Posted 06 November 2014
By Alexander Gaffney, RAC
The US government's Office of the Federal Register (OFR) has finalized a rule calling on the federal agencies, including the US Food and Drug Administration (FDA), to offer more information about third-party standards they require companies to comply with.
If you're in the regulated healthcare products space—and in particular are involved with medical devices—you probably already know a thing or two about standards. There are of course standards FDA creates itself, often for low risk (Class I) and moderate risk (Class II) medical devices.
However, there are also standards created and maintained by outside organizations such as the International Standards Organization (ISO) and the American National Standards Institute (ANSI).
These standards, of which there are hundreds, cover everything from general device performance characteristics to specific standards applicable to just one device or a subset of devices (e.g. urology or cardiovascular devices). The standards are often highly technical, time-consuming to produce and, above all else, expensive to create. Rather than create its own standards or duplicate the efforts of other groups, FDA often chooses to adopt the standards of outside groups wholesale or with minor alterations.
But with the adoption and use of outside standards—also known as Incorporation by Reference—comes a notable problem: The standards are generally not able to be viewed by the public for free.
Because the standards are developed in whole by outside organizations, those groups copyright the standards and charge for access to them in order to recoup their costs.
For companies, that's rarely a major problem, as many see the standards as another cost of doing business with regulators. But for members of the public—and in particular government watchdogs, clinicians and academics who keep track of device safety—the expense to access third-party standards can be prohibitive.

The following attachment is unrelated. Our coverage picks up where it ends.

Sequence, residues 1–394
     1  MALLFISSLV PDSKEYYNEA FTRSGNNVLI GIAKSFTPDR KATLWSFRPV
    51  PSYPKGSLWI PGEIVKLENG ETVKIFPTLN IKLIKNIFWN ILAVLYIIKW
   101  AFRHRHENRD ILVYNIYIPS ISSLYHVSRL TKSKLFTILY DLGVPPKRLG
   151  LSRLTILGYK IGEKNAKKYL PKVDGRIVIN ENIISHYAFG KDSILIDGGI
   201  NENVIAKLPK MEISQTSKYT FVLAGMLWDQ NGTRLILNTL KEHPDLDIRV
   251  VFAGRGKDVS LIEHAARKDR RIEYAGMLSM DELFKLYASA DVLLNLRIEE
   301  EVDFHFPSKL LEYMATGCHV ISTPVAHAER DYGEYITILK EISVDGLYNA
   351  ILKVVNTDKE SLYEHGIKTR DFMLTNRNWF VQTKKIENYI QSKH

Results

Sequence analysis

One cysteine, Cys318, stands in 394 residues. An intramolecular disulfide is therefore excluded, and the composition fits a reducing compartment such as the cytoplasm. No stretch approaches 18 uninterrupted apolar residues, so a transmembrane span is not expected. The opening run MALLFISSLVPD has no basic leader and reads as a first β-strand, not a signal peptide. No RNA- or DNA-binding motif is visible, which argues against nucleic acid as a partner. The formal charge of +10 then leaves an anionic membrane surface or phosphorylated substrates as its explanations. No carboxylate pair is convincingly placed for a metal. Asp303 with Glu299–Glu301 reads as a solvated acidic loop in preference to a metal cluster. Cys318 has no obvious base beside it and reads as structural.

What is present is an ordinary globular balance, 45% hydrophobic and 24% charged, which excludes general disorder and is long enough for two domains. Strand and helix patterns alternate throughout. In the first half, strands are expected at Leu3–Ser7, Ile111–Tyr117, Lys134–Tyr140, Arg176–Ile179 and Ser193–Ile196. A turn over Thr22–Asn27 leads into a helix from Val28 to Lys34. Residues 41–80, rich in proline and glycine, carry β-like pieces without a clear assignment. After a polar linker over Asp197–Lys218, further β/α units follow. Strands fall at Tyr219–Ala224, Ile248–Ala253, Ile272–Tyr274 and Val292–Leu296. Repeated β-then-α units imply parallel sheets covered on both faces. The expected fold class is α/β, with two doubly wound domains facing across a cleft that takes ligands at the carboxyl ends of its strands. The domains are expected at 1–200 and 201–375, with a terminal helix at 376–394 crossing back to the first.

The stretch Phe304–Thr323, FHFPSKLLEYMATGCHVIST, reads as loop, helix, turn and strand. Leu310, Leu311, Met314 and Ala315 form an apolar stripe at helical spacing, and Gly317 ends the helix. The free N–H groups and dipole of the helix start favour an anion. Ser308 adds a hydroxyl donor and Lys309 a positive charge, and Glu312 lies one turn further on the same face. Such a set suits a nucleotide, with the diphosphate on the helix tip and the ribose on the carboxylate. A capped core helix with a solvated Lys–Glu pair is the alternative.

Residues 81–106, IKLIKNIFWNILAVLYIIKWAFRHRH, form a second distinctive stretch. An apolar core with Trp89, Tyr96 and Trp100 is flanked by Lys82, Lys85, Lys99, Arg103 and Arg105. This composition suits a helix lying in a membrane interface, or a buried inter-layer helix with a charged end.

The public, however, does have one recourse: The Office of the Federal Register requires all documents incorporated by reference to be made "reasonably available" to everyone.
What that means in practical terms hasn't been well defined, however, despite attempts to clarify its meaning through the citizen petition process. Should, as the petitioners argue, "reasonably available" mean "free" and "available online?" Or should federal regulators develop an alternate approach?
In a response to one of those petitions, in 2013 OFR released a Federal Register notice proposing that standards should be available to the public more easily, but that access should not necessarily be free or digitally available. The problem, OFR said, is that it lacks the statutory authority to require standards to be free or available online.
"The OFR has no authority to create agencies, change how standards development organizations (SDOs) operate, or amend existing statutes," it explained. "Regulated entities … and their trade associations should work directly with the agencies issuing regulations to ensure that all regulated entities and their representatives have access to the content of materials Incorporated by Reference."
However, OFR did agree that agencies should make outside standards more available to the public. Under its proposed rule, it said agencies would need to "add more information regarding materials incorporated by reference to the preambles of their rulemaking documents."
"We propose that they set out in the preambles a discussion of the actions they took to ensure the materials are reasonably available to interested parties or summarize the contents of the materials they wish to incorporate by reference," OFR wrote. Alternately, agencies may still attempt to make the materials "reasonably available" to the public.
Under the new language, finalized by OFR in a final rule announcement on 6 November 2014, an agency incorporating a standard by reference must:
- Discuss, in the preamble of the proposed rule, the ways that the materials it proposes to incorporate by reference are reasonably available to interested parties or how it worked to make those materials reasonably available to interested parties
- Summarize, in the preamble of the proposed rule, the material it proposes to incorporate by reference.
In addition, agencies must "Request formal approval by:"
- Send a letter that contains a written request for approval at least 20 working days before the agency intends to submit the final rule document for publication
- Discuss, in the preamble of the final rule, the ways that the materials it incorporates by reference are reasonably available to interested parties and how interested parties can obtain the materials;
- Summarize, in the preamble of the final rule, the material it incorporates by reference
- Send a copy of the final rule document that uses the proper language of incorporation with the written request
- Ensure that a copy of the publication is on file at the Office of the Federal Register.
The final regulation comes into effect in 60 days after its formal publication in the Federal Register.
OFR: Incorporation by Reference